As of this moment, I have a patent pending method for computer systems, yet securing the needed funds has been a very hard endeavor. As such, I am considering utilizing crowd funding to hopefully raise the funds.

But I am concerned that if I do utilize crowd funding, I may end up barring my own pursuit of a patent in a foreign country. My understanding that due to the Paris Convention, that the filing date of my provisional application here in the United States also acts as a filing date for all the countries that are members of the Paris Convention.

So if I understood the Convention, this means that public disclosure during a crowd funding event should NOT bar me from searching out a non-provisional patent in a foreign country as long as I apply for it within a 12 month period from the data of my provisional application filing here in the United States. Am I correct in this assumption, or would crowd funding bar me from any future foreign patents?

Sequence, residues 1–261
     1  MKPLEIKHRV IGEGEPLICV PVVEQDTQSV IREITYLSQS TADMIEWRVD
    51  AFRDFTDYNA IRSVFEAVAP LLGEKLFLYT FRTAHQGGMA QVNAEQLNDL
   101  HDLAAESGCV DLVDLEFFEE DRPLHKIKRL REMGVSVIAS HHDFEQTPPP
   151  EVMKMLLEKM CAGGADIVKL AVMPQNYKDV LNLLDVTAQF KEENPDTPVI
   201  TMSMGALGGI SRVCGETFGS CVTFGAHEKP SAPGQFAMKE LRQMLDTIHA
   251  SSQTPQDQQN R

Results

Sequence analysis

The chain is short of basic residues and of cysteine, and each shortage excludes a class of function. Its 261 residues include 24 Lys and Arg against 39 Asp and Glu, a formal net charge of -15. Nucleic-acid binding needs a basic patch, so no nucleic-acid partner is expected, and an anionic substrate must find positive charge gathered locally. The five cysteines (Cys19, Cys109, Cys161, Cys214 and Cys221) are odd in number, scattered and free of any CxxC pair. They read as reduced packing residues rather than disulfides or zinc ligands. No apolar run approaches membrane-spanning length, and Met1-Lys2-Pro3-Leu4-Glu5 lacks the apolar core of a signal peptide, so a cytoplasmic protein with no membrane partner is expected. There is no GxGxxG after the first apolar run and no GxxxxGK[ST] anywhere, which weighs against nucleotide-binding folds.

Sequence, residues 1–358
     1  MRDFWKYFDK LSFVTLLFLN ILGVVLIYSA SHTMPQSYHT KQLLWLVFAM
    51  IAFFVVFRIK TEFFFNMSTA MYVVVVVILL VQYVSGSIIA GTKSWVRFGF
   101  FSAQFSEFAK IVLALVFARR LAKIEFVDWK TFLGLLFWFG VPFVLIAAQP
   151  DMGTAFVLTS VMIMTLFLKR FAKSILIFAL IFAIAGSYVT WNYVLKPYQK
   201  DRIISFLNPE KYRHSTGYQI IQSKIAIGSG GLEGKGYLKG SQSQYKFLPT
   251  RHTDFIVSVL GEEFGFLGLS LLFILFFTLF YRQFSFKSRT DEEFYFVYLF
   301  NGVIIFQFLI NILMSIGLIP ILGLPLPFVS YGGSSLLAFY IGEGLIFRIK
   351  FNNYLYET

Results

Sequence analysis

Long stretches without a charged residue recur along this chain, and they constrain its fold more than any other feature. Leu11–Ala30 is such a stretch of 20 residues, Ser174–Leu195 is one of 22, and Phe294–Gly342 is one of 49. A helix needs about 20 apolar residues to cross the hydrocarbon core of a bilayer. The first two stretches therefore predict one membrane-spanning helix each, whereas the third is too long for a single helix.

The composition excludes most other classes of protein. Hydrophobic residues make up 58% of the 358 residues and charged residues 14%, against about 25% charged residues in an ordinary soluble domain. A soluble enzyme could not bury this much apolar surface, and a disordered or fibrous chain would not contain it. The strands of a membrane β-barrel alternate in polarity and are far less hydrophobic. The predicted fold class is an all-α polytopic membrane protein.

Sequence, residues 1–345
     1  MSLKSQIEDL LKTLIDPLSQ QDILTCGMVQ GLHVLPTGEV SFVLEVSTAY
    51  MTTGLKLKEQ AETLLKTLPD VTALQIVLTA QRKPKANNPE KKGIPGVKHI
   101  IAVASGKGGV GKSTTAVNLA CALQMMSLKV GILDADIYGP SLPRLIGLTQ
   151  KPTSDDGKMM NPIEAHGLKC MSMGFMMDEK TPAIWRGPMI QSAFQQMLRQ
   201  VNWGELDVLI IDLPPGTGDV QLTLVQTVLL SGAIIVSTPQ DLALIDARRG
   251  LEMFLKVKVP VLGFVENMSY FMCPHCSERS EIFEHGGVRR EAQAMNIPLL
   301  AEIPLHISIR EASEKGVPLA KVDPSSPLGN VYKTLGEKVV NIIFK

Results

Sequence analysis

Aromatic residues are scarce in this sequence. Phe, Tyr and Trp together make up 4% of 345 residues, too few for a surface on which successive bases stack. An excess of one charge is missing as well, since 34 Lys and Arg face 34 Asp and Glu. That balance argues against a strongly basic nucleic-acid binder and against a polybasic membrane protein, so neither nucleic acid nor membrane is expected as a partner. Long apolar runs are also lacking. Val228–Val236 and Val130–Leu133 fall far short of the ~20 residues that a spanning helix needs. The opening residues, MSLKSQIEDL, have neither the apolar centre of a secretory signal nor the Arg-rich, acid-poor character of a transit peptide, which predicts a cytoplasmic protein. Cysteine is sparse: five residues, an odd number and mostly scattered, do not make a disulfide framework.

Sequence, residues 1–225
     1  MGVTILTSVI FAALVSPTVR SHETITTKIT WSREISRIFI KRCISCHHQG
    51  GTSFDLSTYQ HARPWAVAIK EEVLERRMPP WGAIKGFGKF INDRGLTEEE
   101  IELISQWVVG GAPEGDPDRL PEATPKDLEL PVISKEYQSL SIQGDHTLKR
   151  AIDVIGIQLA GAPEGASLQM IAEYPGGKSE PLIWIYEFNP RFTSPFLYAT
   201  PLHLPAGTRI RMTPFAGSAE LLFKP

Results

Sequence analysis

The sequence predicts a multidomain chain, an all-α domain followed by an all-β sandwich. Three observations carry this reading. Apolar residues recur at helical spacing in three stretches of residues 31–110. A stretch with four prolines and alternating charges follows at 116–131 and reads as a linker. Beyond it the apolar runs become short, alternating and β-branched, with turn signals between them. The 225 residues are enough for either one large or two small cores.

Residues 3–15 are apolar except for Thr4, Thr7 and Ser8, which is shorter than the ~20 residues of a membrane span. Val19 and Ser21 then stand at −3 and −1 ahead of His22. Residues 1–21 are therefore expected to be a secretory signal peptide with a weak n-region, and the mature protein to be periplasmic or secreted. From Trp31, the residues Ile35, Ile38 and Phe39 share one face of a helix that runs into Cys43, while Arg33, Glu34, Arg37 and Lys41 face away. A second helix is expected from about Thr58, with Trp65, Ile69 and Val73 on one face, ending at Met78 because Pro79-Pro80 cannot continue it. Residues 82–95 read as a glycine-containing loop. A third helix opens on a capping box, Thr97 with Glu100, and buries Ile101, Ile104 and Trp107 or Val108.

As a side note, while I do plan on obviously disclosing enough basic information of the method during crowd funding, I do not intend to fully disclose "how" the method is done. This is done to help keep copy cats at bay (if only a bit), but also to avoid the definition of "public disclosure" as given by patent law i.e. not giving an ordinary person versed in the art the ability to rebuild it from the explanation provided.

1 Answer 1


Yes, you are correct. A provisional can be used for a priority claim in other countries within 1 year of the date of filing the provisional. Any disclosure (or seeking crowd funding) after the date of the provisional would not affect a later filed foreign application claiming priority to the provisional.

However, one key proviso is that the provisional filing must contain enough disclosure to support the claims in those foreign applications. Some jurisdictions (notably Europe) are very strict on this, and would typically need the claims (or at least near verbatim description supporting the claims) in the provisional. If this is not done, the claims of the foreign filing may not be entitled to the date of the provisional, and so may be unpatentable due to your disclosure.

You must log in to answer this question.

Not the answer you're looking for? Browse other questions tagged .